Wild wallabies wander deserted Irish island
By Sheila Langan
Published by IrishCentral on November 25, 2016 12:00 AM
How did the furry marsupials, native to Australia and Tasmania, make it all the way to Ireland?
Though wallabies can swim, they did not make the 9,000 mile journey alone! In a recent article for Smithsonian Magazine, Colleen Connolly explained the origins of Ireland’s unique wallaby population.
Lambay Island was bought by the famous Barings banking family in 1904. It is believed that they attempted to introduce a number of exotic species to the island in the 1950s and 60s, but the wallabies were the only ones able to survive long term.
And survive they have. In the 1980s, when the wallaby population at the Dublin Zoo grew past its capacity, the director at the time, Peter Wilson, asked Barings if they could help. They agreed, and seven wallabies were shipped to Lambay in fishing trawlers, brought to the highest point on the island via tractor trailer, and set free.
It’s a wonderful sanctuary for them, if you like, perfect habitat. There’s lots of thick vegetation for cover when the weather’s cold, and there’s a lot of grass and things for them to eat, so it’s an absolutely perfect place for them.
Wilson told Smithsonian.
Red-necked wallabies can live up to nine years. They are mostly nocturnal, preferring to rest during the day and forage at night to satisfy their plant-based diet.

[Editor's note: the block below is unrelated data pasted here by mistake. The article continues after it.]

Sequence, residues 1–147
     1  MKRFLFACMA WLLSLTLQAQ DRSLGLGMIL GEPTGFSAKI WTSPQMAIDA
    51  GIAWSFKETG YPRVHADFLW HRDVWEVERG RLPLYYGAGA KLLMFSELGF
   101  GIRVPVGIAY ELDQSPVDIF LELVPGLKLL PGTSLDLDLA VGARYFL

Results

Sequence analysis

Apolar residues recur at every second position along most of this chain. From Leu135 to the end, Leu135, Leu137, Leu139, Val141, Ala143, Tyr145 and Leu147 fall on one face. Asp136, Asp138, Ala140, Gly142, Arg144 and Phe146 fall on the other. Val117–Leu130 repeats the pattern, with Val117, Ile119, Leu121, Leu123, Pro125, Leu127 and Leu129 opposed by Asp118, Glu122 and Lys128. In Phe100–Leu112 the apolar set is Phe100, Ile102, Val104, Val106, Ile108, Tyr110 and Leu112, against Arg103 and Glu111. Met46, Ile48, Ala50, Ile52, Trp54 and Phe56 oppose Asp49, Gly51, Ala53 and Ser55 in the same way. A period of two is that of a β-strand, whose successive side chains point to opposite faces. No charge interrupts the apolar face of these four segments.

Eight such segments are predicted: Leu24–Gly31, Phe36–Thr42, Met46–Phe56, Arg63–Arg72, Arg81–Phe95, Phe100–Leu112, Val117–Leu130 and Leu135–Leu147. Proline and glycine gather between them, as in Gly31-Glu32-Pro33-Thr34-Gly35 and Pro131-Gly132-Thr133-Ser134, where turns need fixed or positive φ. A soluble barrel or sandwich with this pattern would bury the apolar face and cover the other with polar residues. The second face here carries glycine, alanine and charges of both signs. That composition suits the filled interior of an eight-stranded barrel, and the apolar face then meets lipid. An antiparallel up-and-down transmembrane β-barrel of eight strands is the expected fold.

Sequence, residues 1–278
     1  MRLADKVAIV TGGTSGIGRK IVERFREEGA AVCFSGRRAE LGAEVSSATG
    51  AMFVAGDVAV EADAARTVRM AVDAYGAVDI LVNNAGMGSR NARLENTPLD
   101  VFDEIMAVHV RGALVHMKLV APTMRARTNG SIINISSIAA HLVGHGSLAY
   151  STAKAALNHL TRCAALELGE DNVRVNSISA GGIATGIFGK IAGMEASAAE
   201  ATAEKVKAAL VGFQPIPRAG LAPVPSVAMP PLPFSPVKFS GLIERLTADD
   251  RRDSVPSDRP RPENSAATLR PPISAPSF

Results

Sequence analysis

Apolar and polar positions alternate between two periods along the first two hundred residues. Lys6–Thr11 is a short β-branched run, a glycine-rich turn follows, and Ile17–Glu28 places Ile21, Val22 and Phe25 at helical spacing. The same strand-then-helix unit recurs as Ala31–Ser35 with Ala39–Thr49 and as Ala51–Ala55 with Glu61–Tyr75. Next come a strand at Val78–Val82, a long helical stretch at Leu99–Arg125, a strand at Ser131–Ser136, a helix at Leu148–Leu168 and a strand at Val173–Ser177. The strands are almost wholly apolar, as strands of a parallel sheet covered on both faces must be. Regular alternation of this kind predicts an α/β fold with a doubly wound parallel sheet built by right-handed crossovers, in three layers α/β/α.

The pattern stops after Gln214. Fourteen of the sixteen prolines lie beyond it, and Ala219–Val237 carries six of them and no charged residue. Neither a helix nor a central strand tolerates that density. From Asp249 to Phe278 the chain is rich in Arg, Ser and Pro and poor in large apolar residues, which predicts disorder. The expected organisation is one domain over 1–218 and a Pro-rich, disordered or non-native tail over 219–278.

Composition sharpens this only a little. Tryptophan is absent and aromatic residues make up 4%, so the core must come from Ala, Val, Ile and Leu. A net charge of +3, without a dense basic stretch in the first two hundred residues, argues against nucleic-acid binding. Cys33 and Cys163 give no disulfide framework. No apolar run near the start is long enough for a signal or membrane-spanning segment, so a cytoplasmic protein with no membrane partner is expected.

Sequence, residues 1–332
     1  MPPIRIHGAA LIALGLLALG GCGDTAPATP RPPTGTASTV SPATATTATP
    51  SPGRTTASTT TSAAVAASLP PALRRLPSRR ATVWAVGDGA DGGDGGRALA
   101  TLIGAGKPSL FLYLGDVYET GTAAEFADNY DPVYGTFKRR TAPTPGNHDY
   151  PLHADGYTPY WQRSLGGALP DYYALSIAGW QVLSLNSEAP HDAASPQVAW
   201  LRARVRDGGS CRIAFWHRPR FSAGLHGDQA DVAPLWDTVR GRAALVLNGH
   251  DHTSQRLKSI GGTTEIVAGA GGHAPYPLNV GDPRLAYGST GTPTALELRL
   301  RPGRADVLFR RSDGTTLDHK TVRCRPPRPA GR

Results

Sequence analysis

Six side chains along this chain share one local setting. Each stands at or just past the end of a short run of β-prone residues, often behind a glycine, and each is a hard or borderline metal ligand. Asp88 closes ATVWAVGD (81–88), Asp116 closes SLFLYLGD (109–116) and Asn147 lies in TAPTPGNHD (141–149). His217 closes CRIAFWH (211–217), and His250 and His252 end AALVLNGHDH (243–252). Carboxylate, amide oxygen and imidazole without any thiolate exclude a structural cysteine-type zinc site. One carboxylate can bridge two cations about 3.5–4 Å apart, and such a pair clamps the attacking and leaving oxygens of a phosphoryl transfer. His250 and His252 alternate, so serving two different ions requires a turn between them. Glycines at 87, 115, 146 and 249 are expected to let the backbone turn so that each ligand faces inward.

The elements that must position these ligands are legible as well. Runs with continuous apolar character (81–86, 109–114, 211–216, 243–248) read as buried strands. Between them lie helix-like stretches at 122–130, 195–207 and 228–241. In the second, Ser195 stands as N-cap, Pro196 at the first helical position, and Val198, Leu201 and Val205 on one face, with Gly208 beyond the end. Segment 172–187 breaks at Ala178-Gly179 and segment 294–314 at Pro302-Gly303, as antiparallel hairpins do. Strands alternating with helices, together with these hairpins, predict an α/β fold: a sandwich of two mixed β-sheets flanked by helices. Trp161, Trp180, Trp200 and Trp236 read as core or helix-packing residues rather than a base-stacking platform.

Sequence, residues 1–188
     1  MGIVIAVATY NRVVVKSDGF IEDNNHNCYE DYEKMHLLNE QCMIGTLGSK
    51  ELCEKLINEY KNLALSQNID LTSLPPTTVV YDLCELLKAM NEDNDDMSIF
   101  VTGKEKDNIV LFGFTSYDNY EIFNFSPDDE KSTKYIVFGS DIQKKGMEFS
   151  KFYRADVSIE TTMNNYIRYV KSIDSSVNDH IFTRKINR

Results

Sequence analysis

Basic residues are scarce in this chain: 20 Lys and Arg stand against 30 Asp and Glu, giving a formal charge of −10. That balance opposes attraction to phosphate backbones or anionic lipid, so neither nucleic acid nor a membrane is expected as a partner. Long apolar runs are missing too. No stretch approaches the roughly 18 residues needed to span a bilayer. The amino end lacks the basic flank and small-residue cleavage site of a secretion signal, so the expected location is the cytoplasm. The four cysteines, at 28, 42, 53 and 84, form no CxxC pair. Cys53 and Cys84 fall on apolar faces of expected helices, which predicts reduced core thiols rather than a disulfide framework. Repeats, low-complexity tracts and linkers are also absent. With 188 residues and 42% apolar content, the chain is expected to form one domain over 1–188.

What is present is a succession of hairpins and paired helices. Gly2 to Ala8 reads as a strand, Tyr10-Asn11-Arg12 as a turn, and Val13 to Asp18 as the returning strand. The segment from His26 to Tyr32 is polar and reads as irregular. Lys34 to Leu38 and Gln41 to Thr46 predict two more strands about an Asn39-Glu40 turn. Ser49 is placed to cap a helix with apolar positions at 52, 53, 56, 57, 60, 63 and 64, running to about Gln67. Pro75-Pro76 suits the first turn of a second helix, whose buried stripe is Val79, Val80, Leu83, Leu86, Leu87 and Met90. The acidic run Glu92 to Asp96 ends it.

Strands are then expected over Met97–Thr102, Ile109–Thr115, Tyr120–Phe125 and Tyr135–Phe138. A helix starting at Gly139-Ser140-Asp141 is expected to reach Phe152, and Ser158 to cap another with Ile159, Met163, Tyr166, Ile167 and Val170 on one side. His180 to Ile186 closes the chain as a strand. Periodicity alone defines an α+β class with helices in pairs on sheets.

The Irish wallabies have adapted to their cooler climate on Lambay by growing thicker coats. In the winter months, when plants, grass and roots are less plentiful, they join Lambay’s cows in feasting on hay.
Aside from this, the wallabies are mostly self sufficient. While the marsupial population has increased, the island’s humans only intervene in this regard if it seems to be growing too rapidly, or if the wallabies start to encroach on the portion of the land set aside for gardening and growing vegetables.
Those interested in meeting the Irish wallabies can travel to Lambay as part of a guided tour – click here for more information.
*Originally published November 2014
Fascinating! But a ‘troupe’ of wallabies? No, no – it’s a MOB of wallabies, same as for kangaroos. Please!